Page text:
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was expected to continue to work with J on fine motor rotations and other activities in the classroom because J's parents did not want J to be withdrawn. B endeavoured to work with J, but J did not appreciate any of B's efforts to work with him; he refused her offer of support and help and ignored her. B noted that there was one incident when J took some notice of her and that was during a PE lesson. B attended the class mainly to watch J so that he did not run away. Although he stayed with the class, he ignored B and ran away from her. B noted that part of the problem J faced was that he was being given instructions from many adults and he found this difficult to cope with. B reflected that although the experience was unsuccessful for her because and she was unable to provide the support and help that she wanted to give, she pointed to the set-up itself as being problematic. Specific descriptions for third participant C Specific description C a/1 L, who was ascertained speech/language impaired was in the third term of year 4 when C became his teacher aide. C stated that L's classroom teacher and the Learning Support teacher devised a totally independent program for him, because L just couldn't cope with the classroom literacy program, because he could not understand that particular classroom program. L left his classroom every day at the same time to work with C on one-on-one on the program. C stated that she always collected L in case she was held up. L was usually ready to come out with C. When L started he knew about twenty sight words. C used a reading program with very simple, basic books. C reflected that L did not seem to mind, because he was doing it one-on-one with C, and nobody else knew what he was doing. L made a big effort with the new sight words and those he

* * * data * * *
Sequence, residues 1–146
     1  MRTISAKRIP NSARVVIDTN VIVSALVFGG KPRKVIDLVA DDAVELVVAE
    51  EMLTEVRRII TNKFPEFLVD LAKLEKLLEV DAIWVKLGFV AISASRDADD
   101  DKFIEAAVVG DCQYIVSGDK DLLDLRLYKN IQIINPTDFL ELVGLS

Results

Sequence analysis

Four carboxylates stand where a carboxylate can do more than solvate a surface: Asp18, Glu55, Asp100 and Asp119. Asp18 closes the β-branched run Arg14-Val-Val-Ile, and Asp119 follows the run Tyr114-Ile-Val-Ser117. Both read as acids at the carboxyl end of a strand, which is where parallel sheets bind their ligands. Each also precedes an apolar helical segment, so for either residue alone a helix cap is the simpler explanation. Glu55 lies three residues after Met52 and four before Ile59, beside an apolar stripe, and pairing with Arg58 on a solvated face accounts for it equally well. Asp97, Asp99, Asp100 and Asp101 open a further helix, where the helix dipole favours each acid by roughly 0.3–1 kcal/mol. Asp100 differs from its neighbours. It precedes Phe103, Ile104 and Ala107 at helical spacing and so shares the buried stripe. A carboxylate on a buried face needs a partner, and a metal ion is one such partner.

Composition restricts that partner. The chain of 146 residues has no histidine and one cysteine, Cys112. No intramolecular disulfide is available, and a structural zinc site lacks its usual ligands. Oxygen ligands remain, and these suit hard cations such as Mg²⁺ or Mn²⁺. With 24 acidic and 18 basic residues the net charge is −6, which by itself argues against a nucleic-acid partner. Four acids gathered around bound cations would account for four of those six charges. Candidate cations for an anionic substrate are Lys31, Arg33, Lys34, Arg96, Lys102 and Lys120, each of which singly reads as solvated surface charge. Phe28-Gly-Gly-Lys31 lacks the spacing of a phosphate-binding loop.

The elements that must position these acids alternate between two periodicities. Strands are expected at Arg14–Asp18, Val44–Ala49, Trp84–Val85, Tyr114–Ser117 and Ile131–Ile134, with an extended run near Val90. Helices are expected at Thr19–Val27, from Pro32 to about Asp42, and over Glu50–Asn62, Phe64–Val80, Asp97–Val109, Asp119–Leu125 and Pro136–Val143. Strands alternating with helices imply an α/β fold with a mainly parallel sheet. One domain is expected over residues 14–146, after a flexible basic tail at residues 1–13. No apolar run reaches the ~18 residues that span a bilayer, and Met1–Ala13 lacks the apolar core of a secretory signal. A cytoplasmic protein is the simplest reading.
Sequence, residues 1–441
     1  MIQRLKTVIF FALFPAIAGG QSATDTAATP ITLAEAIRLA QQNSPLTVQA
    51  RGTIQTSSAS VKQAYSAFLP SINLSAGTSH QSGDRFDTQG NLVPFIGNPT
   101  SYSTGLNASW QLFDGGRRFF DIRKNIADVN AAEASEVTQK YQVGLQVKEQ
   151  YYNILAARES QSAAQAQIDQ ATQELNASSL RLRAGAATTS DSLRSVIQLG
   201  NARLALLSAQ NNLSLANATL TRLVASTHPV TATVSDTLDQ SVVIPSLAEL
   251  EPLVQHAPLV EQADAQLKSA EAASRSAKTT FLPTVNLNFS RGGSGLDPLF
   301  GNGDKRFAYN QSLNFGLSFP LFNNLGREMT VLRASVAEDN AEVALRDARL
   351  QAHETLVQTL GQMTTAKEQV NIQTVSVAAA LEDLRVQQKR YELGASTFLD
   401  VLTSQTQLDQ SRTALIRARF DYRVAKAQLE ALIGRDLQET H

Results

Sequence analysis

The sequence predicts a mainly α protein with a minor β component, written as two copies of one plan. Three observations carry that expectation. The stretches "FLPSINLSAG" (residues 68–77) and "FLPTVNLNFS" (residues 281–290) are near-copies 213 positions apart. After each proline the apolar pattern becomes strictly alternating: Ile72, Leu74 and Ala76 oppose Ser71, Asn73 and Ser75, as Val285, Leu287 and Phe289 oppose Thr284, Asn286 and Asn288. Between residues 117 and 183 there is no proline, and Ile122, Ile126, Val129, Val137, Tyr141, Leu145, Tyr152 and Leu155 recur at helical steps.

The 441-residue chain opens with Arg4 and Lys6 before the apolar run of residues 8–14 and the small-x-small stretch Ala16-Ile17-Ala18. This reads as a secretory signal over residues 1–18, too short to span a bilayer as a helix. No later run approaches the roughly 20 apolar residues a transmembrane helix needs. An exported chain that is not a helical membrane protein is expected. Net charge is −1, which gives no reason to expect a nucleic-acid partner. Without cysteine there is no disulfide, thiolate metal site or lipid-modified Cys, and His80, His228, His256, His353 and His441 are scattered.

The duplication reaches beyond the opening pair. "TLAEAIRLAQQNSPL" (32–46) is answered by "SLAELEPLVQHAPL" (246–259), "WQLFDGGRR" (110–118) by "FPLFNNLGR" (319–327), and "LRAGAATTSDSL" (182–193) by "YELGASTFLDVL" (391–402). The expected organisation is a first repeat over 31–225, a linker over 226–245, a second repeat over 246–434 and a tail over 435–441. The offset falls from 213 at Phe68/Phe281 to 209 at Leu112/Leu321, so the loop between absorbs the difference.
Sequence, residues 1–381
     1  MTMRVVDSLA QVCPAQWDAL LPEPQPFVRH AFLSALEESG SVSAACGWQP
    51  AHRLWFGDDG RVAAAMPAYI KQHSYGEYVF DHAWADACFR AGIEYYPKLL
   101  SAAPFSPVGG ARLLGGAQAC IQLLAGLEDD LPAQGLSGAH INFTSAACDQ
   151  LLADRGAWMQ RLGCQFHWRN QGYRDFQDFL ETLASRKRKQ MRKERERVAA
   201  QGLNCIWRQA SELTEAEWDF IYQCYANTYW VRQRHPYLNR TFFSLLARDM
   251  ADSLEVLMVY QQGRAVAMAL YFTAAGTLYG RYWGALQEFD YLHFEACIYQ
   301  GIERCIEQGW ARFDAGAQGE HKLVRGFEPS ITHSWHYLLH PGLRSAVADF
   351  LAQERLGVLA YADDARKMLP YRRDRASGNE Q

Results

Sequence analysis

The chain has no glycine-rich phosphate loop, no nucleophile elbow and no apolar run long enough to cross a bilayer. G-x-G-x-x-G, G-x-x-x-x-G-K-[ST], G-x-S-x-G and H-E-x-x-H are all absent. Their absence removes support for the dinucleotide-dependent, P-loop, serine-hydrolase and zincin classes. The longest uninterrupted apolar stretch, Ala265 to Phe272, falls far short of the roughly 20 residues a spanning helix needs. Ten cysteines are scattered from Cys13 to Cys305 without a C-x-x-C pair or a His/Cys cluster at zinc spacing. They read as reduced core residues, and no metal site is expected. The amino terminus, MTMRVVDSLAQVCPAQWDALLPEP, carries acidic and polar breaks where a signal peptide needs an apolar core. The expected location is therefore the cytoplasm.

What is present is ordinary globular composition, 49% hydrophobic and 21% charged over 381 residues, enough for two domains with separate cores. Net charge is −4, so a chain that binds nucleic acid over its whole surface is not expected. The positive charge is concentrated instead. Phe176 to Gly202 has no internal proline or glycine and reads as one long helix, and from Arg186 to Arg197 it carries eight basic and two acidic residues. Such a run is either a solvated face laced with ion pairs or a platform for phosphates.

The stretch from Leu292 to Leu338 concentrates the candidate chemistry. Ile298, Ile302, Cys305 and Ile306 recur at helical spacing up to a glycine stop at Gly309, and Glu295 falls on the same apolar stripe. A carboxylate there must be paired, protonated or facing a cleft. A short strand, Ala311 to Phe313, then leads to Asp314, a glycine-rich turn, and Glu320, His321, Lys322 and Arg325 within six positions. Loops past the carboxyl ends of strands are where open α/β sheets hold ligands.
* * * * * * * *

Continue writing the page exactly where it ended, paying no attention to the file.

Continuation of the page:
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already knew. C and L played Snap, GoFish, sight word Bingo, sight word Memory; anything they could think of to play with the sight words so L could remember them. The sight words were in lists and C went through the list with L. C gave L Smarties when he got the list right. Before the holidays C challenged L and said that she would give him a Smartie for every word that he got right. After the holidays C went through two lists in random order, and L knew the 24 words. C noticed that L seemed so proud of himself and smug. C thought that L was thinking, "You didn't think I could do it. But I could!" C reflected that L hid his emotions well, but C felt that L was pleased with himself, with the fact that he could read, and he could take books out of the library. C noted that when L was in year 6, L took books out of the library, and L could not read every word, but he could read enough to know what was going on, and it gave him a lot of confidence. L's confidence made C feel really good because what C had done with L seemed worthwhile. Specific description C b/1 C worked with a little girl, N, who was diagnosed with Autistic Spectrum Disorder (ASD). C stated that the only way N could do any maths, plus or minus, was counting on her fingers. C tried to introduce a number line and numbers chart, but N could not work with them. C stated when N was in Year 5 the school adopted the GoMaths program which is based on mental maths. C noted that N was unable to do the work, and N could not keep up with the rest of the class. C was aware that N could not instantly recall the individual facts, but N had learnt her tables through perseverance and rote learning. N could go through the table of facts until she arrived at the required fact. C noted that the other students called out the facts before N had done the sum. N became